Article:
Letters – Our readers write: Summer 2007
Letters published in the Summer 2007 edition of In The Hills magazine.
Story prompts neigh-saying
While we were eating al fresco at the round bale, your article “Therapeutic Riding” in the spring issue was the topic of discussion. See, we’ve been detecting a little resentment and jealousy from the workers and volunteers who contribute their time and efforts to the success of the riding program for troubled youth at Ms. Ellen Downey’s farm.
What the hay is going on here? At first it was subtle, late dinners and cleaning that was not up to its usual par. Now, my nails haven’t been manicured for weeks and we’re noticing sneers and flared nostrils as they walk by. (They look really funny when they do that.)
I was quite flattered to see my name in print as one of Ms. Ellen’s soldiers and appreciate the adulation; however, if something isn’t done soon, I’m afraid of the ongoing consequences.
For the love of shoes, would you please pacify the humans by giving them their fifteen minutes of fame, and maybe a red ribbon, by printing their names (at least in small print) so we can get back to our normal routine. (Do you know how much we hate change?)
Ms. Brett Jaggard and Ms. Gayle Rey have been with us for four years now, and Ms. Vicki Holdroyd since the dawning of the program. Mr. Wayne Biegel, who works with me, has been here for the last three years, and we’ve just recruited Mr. Chris Tompson, who helps teach the kids.
Your trusty steed, Flash
Family Health Teams aim to improve patient care
As a local family doctor, I am writing to thank you for including the timely feature, “You and Your Doctor,” in your spring issue. I do have something to add to this topic.
Your article notes that the estimated average annual income of a family doctor is $277,000 per annum. You have neglected to indicate that this income is before office expenses have been paid out. Practice expenses will consume anywhere from 35 to 50 per cent of gross annual income.
It is important to note that changes in the remuneration of family physicians over the last few years have encouraged family physicians to work in groups. The fact that we are now Family Health Networks has made it easier for us in Orangeville to recruit and retain family physicians. Graduating doctors are attracted to clinic settings, especially if they have the new funding schemes available to them in the new groups. Also, this new remuneration scheme helps us retain physicians that we were losing to the United States and Alberta over the past several years.
I would agree with Dr. Cole on many of his points, especially that good prevention takes time. I would disagree that the new blended capitation model provides any more incentive to expand roster size.
The new Family Health Team model will go a long way toward improving the preventive services in chronic disease management that should be offered in primary care but that physicians cannot do now because they have neither the time nor the training. Improvements in primary care will be contingent upon the strong involvement of patients in their own health-care management. This is where the strengths of the allied health care professionals will come into play.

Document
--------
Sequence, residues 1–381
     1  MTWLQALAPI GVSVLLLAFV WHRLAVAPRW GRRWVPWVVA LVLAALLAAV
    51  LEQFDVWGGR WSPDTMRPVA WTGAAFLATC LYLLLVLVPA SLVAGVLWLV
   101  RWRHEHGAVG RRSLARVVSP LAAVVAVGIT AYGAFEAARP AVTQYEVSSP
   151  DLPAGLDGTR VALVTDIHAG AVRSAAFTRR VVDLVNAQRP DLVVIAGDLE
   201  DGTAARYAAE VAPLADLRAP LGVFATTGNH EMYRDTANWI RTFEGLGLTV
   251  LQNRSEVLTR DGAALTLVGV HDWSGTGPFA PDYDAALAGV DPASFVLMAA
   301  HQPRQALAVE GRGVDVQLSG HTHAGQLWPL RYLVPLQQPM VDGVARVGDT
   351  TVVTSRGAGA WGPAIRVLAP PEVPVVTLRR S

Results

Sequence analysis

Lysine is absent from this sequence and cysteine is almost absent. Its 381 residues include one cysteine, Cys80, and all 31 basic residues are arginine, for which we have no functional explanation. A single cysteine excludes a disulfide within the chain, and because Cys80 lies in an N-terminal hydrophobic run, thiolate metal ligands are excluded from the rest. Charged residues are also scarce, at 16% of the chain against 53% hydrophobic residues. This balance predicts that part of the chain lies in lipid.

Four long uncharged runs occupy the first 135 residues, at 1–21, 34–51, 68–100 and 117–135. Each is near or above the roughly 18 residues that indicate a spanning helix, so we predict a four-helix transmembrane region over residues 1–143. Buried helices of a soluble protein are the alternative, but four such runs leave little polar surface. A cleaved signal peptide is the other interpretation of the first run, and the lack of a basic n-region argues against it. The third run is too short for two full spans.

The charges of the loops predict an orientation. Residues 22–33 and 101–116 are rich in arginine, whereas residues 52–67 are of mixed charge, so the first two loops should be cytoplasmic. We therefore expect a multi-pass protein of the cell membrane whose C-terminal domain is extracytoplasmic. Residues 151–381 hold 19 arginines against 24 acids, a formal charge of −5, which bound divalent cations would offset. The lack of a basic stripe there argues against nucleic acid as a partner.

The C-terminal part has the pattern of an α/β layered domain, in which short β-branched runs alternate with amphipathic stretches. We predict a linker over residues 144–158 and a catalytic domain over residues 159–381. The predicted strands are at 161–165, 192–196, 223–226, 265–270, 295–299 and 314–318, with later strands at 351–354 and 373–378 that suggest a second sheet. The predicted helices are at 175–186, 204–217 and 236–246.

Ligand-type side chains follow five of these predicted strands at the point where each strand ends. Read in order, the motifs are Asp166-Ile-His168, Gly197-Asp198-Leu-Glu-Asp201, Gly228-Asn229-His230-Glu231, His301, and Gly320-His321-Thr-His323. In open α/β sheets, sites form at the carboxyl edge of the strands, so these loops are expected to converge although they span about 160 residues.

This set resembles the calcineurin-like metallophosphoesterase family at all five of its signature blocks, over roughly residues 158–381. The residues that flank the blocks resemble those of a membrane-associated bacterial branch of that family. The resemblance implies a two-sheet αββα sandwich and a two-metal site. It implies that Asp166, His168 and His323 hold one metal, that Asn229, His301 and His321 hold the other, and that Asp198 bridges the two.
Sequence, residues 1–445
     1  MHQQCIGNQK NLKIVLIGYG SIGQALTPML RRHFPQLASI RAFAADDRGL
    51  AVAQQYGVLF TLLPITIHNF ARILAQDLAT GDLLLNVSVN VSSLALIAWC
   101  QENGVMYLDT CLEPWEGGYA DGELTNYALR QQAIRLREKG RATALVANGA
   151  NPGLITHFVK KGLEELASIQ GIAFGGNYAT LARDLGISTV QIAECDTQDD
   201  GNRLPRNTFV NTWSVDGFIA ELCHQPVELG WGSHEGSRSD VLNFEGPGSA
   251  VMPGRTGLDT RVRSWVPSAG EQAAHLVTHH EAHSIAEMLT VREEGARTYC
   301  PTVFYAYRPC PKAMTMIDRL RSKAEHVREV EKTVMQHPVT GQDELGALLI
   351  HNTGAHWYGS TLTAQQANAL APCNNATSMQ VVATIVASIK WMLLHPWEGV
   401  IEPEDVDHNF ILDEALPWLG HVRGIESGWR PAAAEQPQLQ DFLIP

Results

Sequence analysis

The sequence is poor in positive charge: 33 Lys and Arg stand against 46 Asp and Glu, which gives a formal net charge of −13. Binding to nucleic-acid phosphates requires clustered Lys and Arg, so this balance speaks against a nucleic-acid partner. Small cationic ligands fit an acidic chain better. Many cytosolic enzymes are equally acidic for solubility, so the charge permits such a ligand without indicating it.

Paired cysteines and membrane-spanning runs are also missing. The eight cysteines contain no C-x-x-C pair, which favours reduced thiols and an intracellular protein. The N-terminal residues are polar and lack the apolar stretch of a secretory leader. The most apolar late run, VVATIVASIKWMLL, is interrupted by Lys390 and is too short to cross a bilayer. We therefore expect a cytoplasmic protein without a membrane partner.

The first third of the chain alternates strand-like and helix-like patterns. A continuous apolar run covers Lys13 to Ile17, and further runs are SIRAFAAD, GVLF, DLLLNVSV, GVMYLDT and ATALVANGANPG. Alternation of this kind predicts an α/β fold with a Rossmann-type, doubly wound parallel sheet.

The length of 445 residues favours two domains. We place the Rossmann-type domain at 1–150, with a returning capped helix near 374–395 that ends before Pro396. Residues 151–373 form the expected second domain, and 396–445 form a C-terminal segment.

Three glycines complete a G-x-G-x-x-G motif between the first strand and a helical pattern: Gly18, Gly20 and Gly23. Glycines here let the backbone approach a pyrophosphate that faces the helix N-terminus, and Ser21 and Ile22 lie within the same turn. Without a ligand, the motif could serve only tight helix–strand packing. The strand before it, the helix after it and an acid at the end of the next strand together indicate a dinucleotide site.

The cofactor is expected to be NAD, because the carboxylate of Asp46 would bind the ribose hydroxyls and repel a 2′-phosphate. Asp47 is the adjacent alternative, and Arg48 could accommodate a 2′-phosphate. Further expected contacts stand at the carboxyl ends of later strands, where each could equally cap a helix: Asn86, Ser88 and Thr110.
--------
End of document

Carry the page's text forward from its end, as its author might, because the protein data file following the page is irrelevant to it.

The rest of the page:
Our new work plans have started. The new Dufferin Area Family Health Team has already hired its first mental-health worker and nutritionist. Our Family Health Team includes most of the physicians in Orangeville and Grand Valley. We will be basing our programs on models that have a proven track record elsewhere and we are confident we can improve outcomes with our new team.
C. Mallin, m.d.
Lead Physician, Dufferin Area Family Health Team
A healthy response
Thank you for including my wife, Sarah Carvalho, and me in your spring issue. I didn’t realize how many of my patients were reading your magazine until, on an almost daily basis, the article “Second Time Around” by Tony Maxwell was mentioned. Conversation about the interview also came back to me from friends as far away as Toronto (who had the article read to them over the phone by their friends in Caledon).
“You and Your Doctor” by Tony Maxwell and “Finding and Keeping” by Michele Green were excellent overviews of the health system in Dufferin County.
Dr. Don Mickle, Grand Valley
Where have all the chipmunks gone?
A question for your wildlife expert – perhaps Linda McLaren!
We have lived here in the hills for more than thirty years – and in all these years we have enjoyed the antics of plenty of chipmunks running in and out of their many holes. This year we have yet to see a single one! Also squirrels (the brown, the grey and the black) seem rare this year. Is there an explanation for this?
Helmer Lessing, Caledon
Linda McLaren responds:
If this gentleman is pining for the sight of a chipmunk, he should come to my place. There were at least two stuffing their cheeks under the bird feeder this morning and several more driving the dog nuts with their whistles in the woods.
I cannot claim to be able to unravel the mysteries of the comings and goings of wildlife, but it is fun to speculate. Most habitats are in a constant state of change which can make them more or less inviting to a particular species. Also, a thriving community of any species inevitably comes to the attention of predators – in the case of chipmunks, perhaps weasels.
I applaud Helmer for his observant nature. Many people never notice such changes right under their noses. As of now I have heard of no reason to fear for the general demise of chipmunks and anticipate that a new family will move to his area soon.
Please note that the Patullo wall should read Pattulo (“Putting Caledon on the Map,” spring ’07).